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Vigilante


Dandiego

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Ok here is my new project.

 

First a little history. I grew up on the China Lake naval base in the late 50's and early 60's. Yes I am that old. Anyway I would see all of the Navy jets flying over the town almost everyday. And when I got a little older I could ride a bus out to the airfield on Armed Forces day and walk around the real jets. Early jets are in my blood.

 

So where to start?

 

Here is where. Years ago I started a 1:48th Vigi and with the Cutting Edge conversion I began building an A3J. Got pretty far along but...you know how it goes. Shelf of Doom for at least 15 years. So this is my starting point. I will use the SOD model and try to reproduce it in 1:32. Yes I will look at 3 view drawings but this is my main reference. With some calipers, some crude drawings and basic cad knowledge I am off.

 

RGOWrNS.jpg?1

 

First I began with the central fuselage. Basically a rectangular box with some rounded edges. It was too big to print all at once on my machine so....2 pieces. You can see that I have incorporated some cutouts for the MLG bays.

 

SHQazlI.jpg?1

 

WbC2fhh.jpg?2

 

Almost 7 inches tall already.

 

KSwmeJD.jpg?2

 

I have also added wing roots onto the fuselage sides.

 

22Vl3sC.jpg?1

 

I tried designing in some tabs to aid in alignment and construction. They didn't print as well as I had hoped.

 

rXu3dqK.jpg?1

 

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Here are the intakes still sitting on the print stage.

 

m11MYTI.jpg?1

 

Lots more to come.

 

Dan

 

 

 

 

Edited by Dandiego
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Well......that's a great question. And I don't have a good answer.

 

The biggest parts that I have printed were the wings on my F-16xl.  They were quite rough. My little, cheap, printer doesn't produce a very smooth surface so I start by sanding the surface with 100 grit sandpaper. Then I apply some heavy primer and repeated this cycle until it gets smooth enough. What is smooth enough? It's smooth enough when you get tired of sanding.

 

On my F-16 I glued on a thin sheet of plastic to the top of the wing. This worked the best.

 

If there is some better method to smooth out the prints I am all ears.

 

Dan

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have you tried automotive high build primer? i used that on my Pucará and it worked nicely. you may have to decrease the size of the parts about 0.5mm to incorporate a thick layer if the surface is very rough. lay the piece down on a flat surface and only prime the horizontal surface at one session, high build primer will run off quickly if you tilt the part. you may have to do multiple sessions. the nice part is, its easy to sand off and scribe

very cool project, watching closely! 

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Hi Dan,

 

Nice work on the parts so far! Sounds like a super project..... Just wondering if you're using PLA or ABS to print? I've had luck with smoothing ABS parts using acetone in a sealed container. It basically softens the outer layers of the parts and smooths them without the parts themselves losing any apparent shape. I'm not sure if it would work on PLA though as I don't use it.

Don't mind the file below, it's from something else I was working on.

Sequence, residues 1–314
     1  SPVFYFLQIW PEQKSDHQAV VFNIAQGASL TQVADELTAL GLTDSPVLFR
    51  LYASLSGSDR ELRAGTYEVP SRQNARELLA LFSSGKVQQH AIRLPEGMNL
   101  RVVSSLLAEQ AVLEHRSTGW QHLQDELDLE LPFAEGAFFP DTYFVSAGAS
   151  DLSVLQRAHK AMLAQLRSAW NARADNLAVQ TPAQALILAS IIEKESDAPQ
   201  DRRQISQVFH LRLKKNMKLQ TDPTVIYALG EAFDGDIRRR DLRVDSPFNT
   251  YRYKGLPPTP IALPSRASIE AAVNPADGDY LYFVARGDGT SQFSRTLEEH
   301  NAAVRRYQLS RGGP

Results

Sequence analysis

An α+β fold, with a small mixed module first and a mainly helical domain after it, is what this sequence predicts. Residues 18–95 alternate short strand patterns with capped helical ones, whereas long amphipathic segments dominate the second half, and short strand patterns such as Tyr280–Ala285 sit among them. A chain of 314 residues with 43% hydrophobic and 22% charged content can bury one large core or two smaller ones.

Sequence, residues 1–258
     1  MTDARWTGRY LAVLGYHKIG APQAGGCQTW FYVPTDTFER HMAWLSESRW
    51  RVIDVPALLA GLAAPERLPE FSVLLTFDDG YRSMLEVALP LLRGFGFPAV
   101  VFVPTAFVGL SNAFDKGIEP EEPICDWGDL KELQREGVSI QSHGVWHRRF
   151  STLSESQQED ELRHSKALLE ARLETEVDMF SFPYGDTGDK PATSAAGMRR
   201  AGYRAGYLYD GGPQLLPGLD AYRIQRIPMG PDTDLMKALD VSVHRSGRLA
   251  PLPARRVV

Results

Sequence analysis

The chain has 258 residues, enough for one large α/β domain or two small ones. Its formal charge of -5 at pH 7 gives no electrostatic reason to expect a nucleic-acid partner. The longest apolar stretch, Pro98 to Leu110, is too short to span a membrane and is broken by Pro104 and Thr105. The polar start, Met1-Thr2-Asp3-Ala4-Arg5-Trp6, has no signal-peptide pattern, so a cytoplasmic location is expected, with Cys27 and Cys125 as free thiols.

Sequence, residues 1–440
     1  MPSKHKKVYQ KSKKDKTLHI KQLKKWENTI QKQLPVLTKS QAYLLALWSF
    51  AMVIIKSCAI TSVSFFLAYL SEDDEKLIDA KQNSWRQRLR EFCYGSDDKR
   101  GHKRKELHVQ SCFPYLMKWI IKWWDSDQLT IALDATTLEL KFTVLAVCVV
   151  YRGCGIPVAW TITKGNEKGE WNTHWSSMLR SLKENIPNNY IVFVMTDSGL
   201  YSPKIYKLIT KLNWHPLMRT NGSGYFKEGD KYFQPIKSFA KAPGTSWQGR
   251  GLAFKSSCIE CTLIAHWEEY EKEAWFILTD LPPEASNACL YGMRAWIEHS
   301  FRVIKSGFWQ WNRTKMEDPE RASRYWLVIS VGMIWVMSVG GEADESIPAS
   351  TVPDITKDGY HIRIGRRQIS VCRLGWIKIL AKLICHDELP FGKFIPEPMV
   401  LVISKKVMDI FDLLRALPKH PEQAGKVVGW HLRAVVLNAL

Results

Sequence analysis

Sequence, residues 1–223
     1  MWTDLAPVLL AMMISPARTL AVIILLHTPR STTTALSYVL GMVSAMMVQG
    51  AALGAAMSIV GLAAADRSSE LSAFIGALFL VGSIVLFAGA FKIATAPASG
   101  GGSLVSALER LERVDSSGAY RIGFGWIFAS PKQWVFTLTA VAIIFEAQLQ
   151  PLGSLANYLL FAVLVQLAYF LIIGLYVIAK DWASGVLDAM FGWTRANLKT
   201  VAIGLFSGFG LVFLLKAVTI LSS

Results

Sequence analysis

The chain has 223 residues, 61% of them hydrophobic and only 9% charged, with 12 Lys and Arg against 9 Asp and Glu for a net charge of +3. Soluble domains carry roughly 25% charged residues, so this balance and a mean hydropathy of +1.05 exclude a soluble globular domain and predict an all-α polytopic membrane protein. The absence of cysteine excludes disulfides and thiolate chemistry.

Look for "acetone vapour finishing" of 3D printed parts. 

 

Hope this helps!

 

Craig

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12 hours ago, brahman104 said:

I've had luck with smoothing ABS parts using acetone in a sealed container. It basically softens the outer layers of the parts and smooths them without the parts themselves losing any apparent shape. I'm not sure if it would work on PLA though as I don't use it.

 

I did a bit of research on this very topic when I first learned about that technique, and the answer apparently is no: acetone smoothing doesn't work on PLA.

 

Kev

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10 hours ago, Dandiego said:

On my F-16 I glued on a thin sheet of plastic to the top of the wing. This worked the best.

 

If there is some better method to smooth out the prints I am all ears.

 

Dan

 

I've been using Bondo Glazing and Spot Putty.  The problem is you can't scribe over it.  I'm still trying out different putties.  Tamiya Gray Putty is working well, but I haven't tried scribing it yet.

 

Dave

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25 minutes ago, daveculp said:

 

I've been using Bondo Glazing and Spot Putty.  The problem is you can't scribe over it.  I'm still trying out different putties.  Tamiya Gray Putty is working well, but I haven't tried scribing it yet.

 

Dave

 

Yeah Dave I have had the same idea. I have applied the same putty by smearing it over the surface with my finger in a very thin layer. And I have used Bondo in the same manner. Either way there is a lot of sanding to be done.

 

Perhaps aggressive sanding followed by a thin application of putty, more sanding, followed by a thick primer, followed by........(wait for it)..... more sanding.

 

Dan

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